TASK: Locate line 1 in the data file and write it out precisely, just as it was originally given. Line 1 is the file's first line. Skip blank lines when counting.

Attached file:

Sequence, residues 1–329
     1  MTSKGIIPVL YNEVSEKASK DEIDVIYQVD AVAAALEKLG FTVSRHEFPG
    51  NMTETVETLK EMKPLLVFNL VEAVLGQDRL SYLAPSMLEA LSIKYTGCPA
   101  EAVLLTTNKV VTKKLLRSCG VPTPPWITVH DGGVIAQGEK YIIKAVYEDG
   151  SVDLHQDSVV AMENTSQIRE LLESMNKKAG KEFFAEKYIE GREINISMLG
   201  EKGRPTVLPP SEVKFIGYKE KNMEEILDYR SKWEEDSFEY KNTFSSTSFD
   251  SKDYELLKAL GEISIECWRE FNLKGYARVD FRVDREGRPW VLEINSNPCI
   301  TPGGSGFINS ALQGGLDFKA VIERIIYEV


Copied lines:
Sequence, residues 1–329